Cinefile: A 'Youth'-ful Coppola returns

Israeli film wins Cinema Novo Festival award in Belgium; Francis Ford Coppola's new WWII film; 300 previews in Israel.

March 29, 2007 17:01
3 minute read.


Dear Reader,
As you can imagine, more people are reading The Jerusalem Post than ever before. Nevertheless, traditional business models are no longer sustainable and high-quality publications, like ours, are being forced to look for new ways to keep going. Unlike many other news organizations, we have not put up a paywall. We want to keep our journalism open and accessible and be able to keep providing you with news and analyses from the frontlines of Israel, the Middle East and the Jewish World.

As one of our loyal readers, we ask you to be our partner.

For $5 a month you will receive access to the following:

  • A user experience almost completely free of ads
  • Access to our Premium Section
  • Content from the award-winning Jerusalem Report and our monthly magazine to learn Hebrew - Ivrit
  • A brand new ePaper featuring the daily newspaper as it appears in print in Israel

Help us grow and continue telling Israel’s story to the world.

Thank you,

Ronit Hasin-Hochman, CEO, Jerusalem Post Group
Yaakov Katz, Editor-in-Chief


The awards for Israeli films just keep coming this year. Following the big wins for Dror Shaul's Sweet Mud at Sundance and Joseph Cedar's Beaufort at the Berlin International Film Festival, Danny Lerner's Frozen Days just won the top award at the Cinema Novo Festival in Belgium. Frozen Days, a beautifully made and intense film about an alienated young woman in Tel Aviv, was released in Israel last year. Although Cinema Novo is not as famous a festival as Sundance or Berlin, it is always notable when an Israeli film takes the top prize in an international festival. The festival jury's decision for Frozen Days, was unanimous. In their statement, the judges wrote: "A metaphorical story on a very complicated issue, brought to us in a straightforward manner." IT'S BEEN TEN YEARS since Francis Ford Coppola has made a movie, but he has finished shooting his latest, Youth Without Youth, and it has acquired a distributor, Sony Pictures Classics. The movie is set for a late-fall release, which means the Sony executives think it has Oscar potential. Based on a novella by Romanian author (and anthropologist) Mircea Eliade, it tells the story of a professor (Tim Roth) forced to go on the run in the years just before World War II. Coppola explained why he was drawn to the project: "I was excited to discover in this tale by Eliade, the key themes I most hope to understand better: Time, consciousness and the dream-like basis of reality. For me it is indeed a return to the ambitions I had for my work in cinema as a student." Coppola first made a name for himself with the The Godfather in 1972. He followed this groundbreaking movie (can you imagine The Sopranos without The Godfather films?) with the existential, paranoid espionage thriller, The Conversation and the rare sequel that matched the original, The Godfather: Part II, both of which were released in 1974. In 1979, he released Apocalypse Now, a brilliant movie that took more than three years to make and was plagued by all kinds of trouble on the set (anyone interested in this should rent the wonderful documentary about the making of the film, Hearts of Darkness). In 1986, his son, Gian-Carlo, was killed in a boating accident and since then, although he has directed several films and produced even more through American Zoetrope, his production company, his heart didn't seem to be in moviemaking anymore. Although he has assumed the role of a gray-bearded elder statesman in American moviemaking (and a trusted advisor to his filmmaker daughter, Sofia Coppola, whose last movie was Marie Antointette, and to his nephews, actors Nicolas Cage and Jason Schwartzman), he is just 67, an age at which many directors' talents are beginning to peak. So expectations for Youth Without Youth are especially high. In addition to Roth, it co-stars Bruno Ganz and Alexandra Maria Laura, who played Hitler and his secretary in Downfall. Let's hope Youth turns out to be as interesting as it sounds. Saturday night at the Jerusalem Cinematheque at 10:15, there is a preview screening of the megahit, 300. The film opens throughout Israel next week. Based on a "graphic novel" (those of us over 40 used to call them comic books), it tells the story of the Spartan fighters in the battle of Thermopylae against the Persians in 480 B.C., with what New York Post reviewer Kyle Smith describes as "designer carnage." Smith goes to town with a series of puns and put-downs in his review, as he calls the Spartan king, "Onan the Barbarian," and writes: "[The movie's] philosophical underpinnings are not freedom and courage but Itchy and Scratchy." Itchy and Scratchy, for those who aren't Simpsons fans, are the cartoon duo whose ultraviolent antics keep Bart Simpson endlessly amused. Smith continues: "Rampaging in his leather Speedo, [Leonidies] murders wounded enemies, desecrates their remains, insults allies and confuses death with glory. His troops are like al Qaeda in adult diapers." On the bright side, Iranian president Mahmoud Ahmadinejad said last week, "Today they are trying to tamper with history by making a film and by making Iran's image look savage." He didn't specify which film or who "they" are, but it's pretty clear.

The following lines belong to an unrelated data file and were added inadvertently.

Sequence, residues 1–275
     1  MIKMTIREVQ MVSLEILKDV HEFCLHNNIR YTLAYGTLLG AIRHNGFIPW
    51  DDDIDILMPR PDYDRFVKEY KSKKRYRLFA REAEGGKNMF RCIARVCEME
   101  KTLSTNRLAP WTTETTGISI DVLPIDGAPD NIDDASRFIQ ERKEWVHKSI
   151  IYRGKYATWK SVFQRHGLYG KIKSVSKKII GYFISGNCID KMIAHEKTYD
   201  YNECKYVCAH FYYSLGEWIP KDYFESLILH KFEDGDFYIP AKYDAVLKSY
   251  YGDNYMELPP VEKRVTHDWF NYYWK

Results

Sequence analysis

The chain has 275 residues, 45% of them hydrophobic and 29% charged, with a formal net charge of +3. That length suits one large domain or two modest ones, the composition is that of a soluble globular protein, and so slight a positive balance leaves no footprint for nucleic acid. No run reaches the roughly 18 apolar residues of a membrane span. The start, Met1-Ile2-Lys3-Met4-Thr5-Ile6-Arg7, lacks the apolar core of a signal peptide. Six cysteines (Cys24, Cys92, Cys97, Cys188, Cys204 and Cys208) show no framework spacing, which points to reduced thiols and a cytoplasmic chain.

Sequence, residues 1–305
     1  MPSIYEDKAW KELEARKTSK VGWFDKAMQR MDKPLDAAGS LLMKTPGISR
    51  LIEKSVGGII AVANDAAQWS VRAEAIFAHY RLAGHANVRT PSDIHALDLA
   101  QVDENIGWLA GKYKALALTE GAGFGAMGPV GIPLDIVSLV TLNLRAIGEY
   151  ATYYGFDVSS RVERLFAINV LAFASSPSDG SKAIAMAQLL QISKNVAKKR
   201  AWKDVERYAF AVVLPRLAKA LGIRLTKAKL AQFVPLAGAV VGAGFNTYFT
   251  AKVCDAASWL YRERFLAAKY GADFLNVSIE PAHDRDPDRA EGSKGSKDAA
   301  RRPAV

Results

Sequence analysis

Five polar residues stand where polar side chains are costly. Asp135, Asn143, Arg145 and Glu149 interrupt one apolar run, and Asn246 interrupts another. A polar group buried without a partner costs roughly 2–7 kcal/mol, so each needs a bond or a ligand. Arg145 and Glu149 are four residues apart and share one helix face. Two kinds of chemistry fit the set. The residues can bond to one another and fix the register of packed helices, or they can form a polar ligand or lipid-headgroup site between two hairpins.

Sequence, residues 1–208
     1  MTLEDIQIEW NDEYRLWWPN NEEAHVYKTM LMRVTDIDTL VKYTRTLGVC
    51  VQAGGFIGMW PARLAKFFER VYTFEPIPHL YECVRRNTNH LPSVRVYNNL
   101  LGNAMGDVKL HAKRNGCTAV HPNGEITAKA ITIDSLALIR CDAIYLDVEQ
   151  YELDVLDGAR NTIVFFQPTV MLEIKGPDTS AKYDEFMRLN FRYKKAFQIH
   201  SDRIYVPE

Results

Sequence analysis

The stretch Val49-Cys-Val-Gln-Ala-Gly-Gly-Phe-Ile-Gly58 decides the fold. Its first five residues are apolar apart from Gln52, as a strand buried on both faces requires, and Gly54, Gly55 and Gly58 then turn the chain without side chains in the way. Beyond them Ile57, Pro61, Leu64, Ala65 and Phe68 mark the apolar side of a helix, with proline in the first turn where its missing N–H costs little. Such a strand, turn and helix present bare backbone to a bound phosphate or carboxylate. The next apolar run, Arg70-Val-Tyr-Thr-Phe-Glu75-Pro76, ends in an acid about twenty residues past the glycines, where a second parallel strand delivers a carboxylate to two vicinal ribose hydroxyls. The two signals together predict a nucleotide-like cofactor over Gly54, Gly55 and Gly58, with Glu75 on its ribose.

Join Jerusalem Post Premium Plus now for just $5 and upgrade your experience with an ads-free website and exclusive content. Click here>>

Related Content

Sarah Silverman
August 26, 2014
Jewish women take home gold at 2014 Emmys